Siwarak Chothipong, 31, an employee at CATS, was arrested a week ago on charges of supplying details of Thaksin's flight schedule to his country's embassy when the Thai tycoon visited Phnom Penh last week.

On Tuesday Cambodian officials allowed Thai diplomats to make their first visit to see the detained employee.

Bangkok earlier this month withdrew its ambassador from Cambodia over Thaksin's appointment, a move that Phnom Penh reciprocated.

Cambodia then expelled the first secretary of Thailand's embassy in Phnom Penh last Thursday after alleging that Siwarak had passed information to the diplomat. Thailand reciprocated hours later.

Thaksin was toppled in a coup in 2006 and is living abroad to avoid a two-year jail term for corruption, but he has been stirring up protests in his homeland against the current Thai government for the past year.

Angered by his presence in Cambodia, Thailand last week put all talks and cooperation programmes with Cambodia on hold and tore up an oil and gas exploration deal signed during Thaksin's time in power.

Tensions were already high between the two countries following a series of deadly military clashes over disputed territory near the 11th century Preah Vihear temple on their border.

CATS is a fully owned subsidiary of Bangkok-based Samart corporation, which has a 32-year air traffic control concession. Local media said the company employees nine Thai nationals.

Cambodia appoints representative to oversee Thai firm



19 November 2009

(Posted by CAAI News Media)

BANGKOK, Nov 19 (TNA) – The Cambodian government has appointed a supervisor to oversee Cambodia Air Traffic Services (CATS) and is not permitting Thai employees to perform their duties in the firm following an arrest of a Thai engineer for on espionage charges, according to Samart Corporation PCL.

Despite assurances that the company is and its employees are not spying on Cambodia, CATS itself, wholly-owned by the Samart Corporation, is coming under further pressure in the diplomatic standoff.

CATS employee Siwarak Chutipong, 31, was arrested in Phnom Penh on spying charges last week after he was discovered releasing Thaksin Shinawatra’s flight schedule to a Thai embassy official in Phnom Penh.

The self-exiled, convicted former Thai premier himself departed Cambodia last week, but remains at the centre of Thai-Cambodian relations

Samart Corporation president Wattanachai Wilailak said the company is examining facts on the matter and has asked the Thai government to liaise with its Cambodian counterpart to ease the situation.

However, Mr Wattanachai affirmed that CATS is open for business as usual.

Commenting on Mr Siwarak’s arrest, he said since the case is a national security for Cambodia, the company is liaising with the Foreign Ministry for fact-finding and negotiations with Phnom Penh.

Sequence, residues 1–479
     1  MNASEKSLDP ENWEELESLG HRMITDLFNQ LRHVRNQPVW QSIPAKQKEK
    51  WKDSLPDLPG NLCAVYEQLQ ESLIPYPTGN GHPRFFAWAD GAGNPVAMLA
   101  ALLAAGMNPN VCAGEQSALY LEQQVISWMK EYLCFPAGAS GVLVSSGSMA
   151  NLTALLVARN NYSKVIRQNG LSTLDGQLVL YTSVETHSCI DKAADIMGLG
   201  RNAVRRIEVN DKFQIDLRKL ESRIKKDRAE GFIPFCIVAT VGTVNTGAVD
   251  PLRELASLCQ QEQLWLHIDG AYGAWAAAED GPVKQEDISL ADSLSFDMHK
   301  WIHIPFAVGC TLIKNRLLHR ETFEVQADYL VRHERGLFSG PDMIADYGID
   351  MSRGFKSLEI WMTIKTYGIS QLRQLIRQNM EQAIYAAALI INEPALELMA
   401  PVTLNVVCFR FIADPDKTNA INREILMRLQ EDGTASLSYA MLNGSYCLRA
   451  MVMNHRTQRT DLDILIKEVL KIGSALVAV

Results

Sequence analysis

“Now, all parties concerned are making an all-out effort to help Mr Siwarak, who is detained by Cambodian authorities. It is expected there will be good news soon,” he said.

Mr Wattanachai said the Samart Corporation had otherwise not been affected by the case, nor have other businesses the company conducts in Cambodia.

Samart subsidiary CATS runs a system installation business and provides air traffic control services in Cambodia under a 32-year concession from 2001 ending in 2033.

Thailand and Cambodia have an Investment Protection Agreement to oversee their mutual interests. (TNA)

Air spat widens Thai-Cambodia row


By Rachel Harvey
BBC News, Bangkok

(Posted by CAAI News Media)


New turbulence has hit the Thai Cambodian relationship

All Thai nationals working for an air traffic control company in Cambodia have been suspended from duty.

A Cambodian civil servant has been put in temporary charge, in the latest twist in the diplomatic row between Thailand and Cambodia.

The news comes a day after a Thai engineer working for the firm in Phnom Penh was formally charged with spying.

Relations between the two regional neighbours have deteriorated sharply in the past week.

The spat was prompted by a visit to Cambodia by the fugitive former Thai Prime Minister Thaksin Shinawatra.

Calling ground control

Cambodia Air Traffic Services is Thai-owned and Thai-operated.

But in effect, the Cambodian authorities have now taken control, barring all Thai employees from entering company premises.

The move is said to be temporary pending the outcome of a legal case against a Thai engineer who works for the company.


Cambodia has refused to extradite Mr Thaksin (r) to Thailand